It’s hard to pinpoint where Yang jumped from obscure, random man making a novelty bid for the presidency to tech entrepreneur seriously vying for the office, raising million-dollar sums and polling above the margin of error. He was certainly helped by an interview with well-known podcaster Joe Rogan, which attracted the online following that has propelled Yang to political pseudo-stardom.
Yang has leaned heavily into his persona as the niche candidate of the Internet’s edgier corners. He retweets memes from his followers and adorns his fundraising graphics with a bitmoji of himself. In doing so, he has amassed a slavishly devoted group of followers, the “Yang Gang,” ready to jubilantly defend him and push his message online to anybody who will listen.
But the Yang Gang has a dark side. Like President Trump and fellow outsider Democratic candidate Tulsi Gabbard, Yang has attracted support from racists and white supremacists in online forums like 4chan and Reddit. While it’s unclear how serious his support from right-wing trolls really was, it became a big enough issue that Yang was forced to denounce it.
By last spring, Yang was drawing enormous crowds for an outsider candidate with no prior political experience. He made it into every debate in 2019, even as the increasingly difficult qualifications barred candidates like Cory Booker, Kamala Harris, and Beto O’Rourke.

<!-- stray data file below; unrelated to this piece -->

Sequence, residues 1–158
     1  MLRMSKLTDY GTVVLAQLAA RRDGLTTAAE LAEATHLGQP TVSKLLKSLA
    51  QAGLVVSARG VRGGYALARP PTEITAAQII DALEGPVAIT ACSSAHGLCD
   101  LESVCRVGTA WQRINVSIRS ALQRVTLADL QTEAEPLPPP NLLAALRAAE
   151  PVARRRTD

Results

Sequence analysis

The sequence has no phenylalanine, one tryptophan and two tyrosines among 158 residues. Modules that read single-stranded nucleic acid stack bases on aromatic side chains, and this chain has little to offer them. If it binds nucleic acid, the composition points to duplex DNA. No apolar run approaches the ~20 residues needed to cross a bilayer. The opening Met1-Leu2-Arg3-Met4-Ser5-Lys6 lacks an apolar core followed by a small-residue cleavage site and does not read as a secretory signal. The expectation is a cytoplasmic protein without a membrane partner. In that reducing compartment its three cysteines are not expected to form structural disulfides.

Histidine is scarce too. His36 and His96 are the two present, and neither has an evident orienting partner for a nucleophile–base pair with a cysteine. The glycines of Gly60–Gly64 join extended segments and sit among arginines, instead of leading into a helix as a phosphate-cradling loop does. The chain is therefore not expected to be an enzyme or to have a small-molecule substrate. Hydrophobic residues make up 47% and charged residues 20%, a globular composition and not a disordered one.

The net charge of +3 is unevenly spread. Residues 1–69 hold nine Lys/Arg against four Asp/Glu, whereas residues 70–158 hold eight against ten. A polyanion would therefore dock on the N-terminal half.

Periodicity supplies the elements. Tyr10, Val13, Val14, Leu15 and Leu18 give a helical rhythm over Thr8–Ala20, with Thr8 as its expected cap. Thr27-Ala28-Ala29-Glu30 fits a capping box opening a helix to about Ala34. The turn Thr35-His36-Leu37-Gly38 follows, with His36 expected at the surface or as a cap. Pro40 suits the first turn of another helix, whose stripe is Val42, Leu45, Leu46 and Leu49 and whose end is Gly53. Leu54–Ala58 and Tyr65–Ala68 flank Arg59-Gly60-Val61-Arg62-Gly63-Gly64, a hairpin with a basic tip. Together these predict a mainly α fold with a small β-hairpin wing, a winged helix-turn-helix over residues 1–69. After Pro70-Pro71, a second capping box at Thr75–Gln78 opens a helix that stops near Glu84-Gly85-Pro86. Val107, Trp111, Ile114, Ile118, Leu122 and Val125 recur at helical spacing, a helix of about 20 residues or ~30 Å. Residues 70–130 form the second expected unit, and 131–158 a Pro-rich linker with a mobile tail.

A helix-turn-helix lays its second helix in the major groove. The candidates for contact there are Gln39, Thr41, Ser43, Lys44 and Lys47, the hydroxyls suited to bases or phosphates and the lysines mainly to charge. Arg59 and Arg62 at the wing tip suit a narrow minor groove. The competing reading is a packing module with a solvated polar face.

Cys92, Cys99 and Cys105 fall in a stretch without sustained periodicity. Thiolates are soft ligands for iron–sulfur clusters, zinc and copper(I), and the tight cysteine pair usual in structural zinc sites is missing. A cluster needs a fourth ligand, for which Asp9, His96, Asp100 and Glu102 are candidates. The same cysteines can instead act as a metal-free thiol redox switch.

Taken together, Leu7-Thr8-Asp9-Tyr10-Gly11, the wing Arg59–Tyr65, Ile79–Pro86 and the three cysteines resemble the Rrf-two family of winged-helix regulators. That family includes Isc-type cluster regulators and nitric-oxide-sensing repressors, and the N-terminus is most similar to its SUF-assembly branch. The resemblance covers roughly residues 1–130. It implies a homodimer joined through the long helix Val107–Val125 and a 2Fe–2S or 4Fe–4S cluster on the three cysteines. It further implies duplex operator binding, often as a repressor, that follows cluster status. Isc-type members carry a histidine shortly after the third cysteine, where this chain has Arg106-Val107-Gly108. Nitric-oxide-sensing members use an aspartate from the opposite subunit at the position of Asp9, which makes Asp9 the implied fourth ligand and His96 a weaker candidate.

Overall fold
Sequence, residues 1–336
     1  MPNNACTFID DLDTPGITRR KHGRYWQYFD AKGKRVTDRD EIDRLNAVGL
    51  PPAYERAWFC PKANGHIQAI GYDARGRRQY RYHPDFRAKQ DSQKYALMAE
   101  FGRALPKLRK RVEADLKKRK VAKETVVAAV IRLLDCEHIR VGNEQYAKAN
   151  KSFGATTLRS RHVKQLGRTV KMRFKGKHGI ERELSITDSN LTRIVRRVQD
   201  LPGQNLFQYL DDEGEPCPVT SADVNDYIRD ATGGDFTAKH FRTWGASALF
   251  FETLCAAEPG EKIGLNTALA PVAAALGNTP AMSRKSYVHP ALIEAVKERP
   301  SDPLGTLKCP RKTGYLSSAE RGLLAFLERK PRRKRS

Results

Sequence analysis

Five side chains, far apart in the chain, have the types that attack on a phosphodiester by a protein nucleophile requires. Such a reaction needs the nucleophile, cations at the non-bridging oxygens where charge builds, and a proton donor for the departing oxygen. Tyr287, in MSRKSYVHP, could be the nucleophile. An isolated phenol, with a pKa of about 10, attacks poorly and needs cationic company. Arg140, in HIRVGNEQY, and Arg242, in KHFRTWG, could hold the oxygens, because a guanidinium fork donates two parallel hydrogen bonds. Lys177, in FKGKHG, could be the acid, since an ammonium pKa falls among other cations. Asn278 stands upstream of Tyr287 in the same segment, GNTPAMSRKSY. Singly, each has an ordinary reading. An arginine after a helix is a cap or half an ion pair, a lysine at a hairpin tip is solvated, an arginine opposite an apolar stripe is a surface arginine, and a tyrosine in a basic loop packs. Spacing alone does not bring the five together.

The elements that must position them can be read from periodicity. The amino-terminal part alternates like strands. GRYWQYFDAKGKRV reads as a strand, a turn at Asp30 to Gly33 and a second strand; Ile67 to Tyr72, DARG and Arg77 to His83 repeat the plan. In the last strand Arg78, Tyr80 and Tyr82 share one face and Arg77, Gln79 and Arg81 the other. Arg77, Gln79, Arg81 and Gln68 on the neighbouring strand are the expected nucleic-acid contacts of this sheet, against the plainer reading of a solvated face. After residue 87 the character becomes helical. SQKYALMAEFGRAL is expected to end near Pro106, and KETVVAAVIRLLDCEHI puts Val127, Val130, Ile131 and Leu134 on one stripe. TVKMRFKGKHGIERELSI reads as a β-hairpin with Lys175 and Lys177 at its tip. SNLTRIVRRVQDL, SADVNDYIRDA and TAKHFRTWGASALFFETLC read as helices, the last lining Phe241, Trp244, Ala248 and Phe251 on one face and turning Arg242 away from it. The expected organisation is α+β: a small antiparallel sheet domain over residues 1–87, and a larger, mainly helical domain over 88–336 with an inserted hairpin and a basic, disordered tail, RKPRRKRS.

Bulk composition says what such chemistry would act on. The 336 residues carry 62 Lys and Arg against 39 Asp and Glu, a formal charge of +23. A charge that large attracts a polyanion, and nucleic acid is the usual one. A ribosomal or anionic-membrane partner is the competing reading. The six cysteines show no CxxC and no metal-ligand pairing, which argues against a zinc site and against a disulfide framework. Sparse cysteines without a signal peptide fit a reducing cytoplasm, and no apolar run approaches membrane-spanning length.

Somewhere along the way, though, Yang hit a ceiling. By the time February rolled around, emails to supporters were starting to sound the campaign’s death knell. Fundraising was drying up and his polling wasn’t getting beyond low single digits.
The Iowa caucus dealt a serious blow. Yang got 5.2 percent in first alignment votes, a respectable showing, but not enough to be viable in most precincts. He then lost most of his caucus goers in the final alignment, and emerged from the fray in sixth place, with zero delegates to show for more than two years of campaigning.
Despite Yang’s improbable rise and passionate supporters, he’s all but certain to come up short in New Hampshire on Tuesday. He’ll likely suspend his bid for the White House in due course. Yang started scaling down his campaign after the poor showing in Iowa, firing his national political and policy directors, among more than a hundred other staffers.
The question then becomes: What does the future hold for Andrew Yang? Many have speculated a run for lower office in New York, whether that’s a local or state office, a congressional seat, or even the governorship.
Yang’s run has undoubtedly positioned him well for a run for lower office. He now wields the ability to fundraise off of a massive nationwide fanbase, and he has more than 80 percent national name recognition, on par with Pete Buttigieg and a cut above Amy Klobuchar. His presidential run has even spurred a broader pro-UBI political movement that has spawned its own congressional candidates.
But it seems that Yang is “White House or bust.” Rolling Stone reported Friday that Yang has been telling staffers that a strong performance in New Hampshire, which he defined as 14 or 15 percent, would lay the groundwork to “run this back again in four years.”
Without additional political experience between now and then, it’s hard to see a 2024 presidential run being much more successful than this one. Then again, it wouldn’t be the first time Andrew Yang confounded expectations.
Andrew Solender is a political reporter based in Poughkeepsie. Follow him on Twitter @AndrewSolender.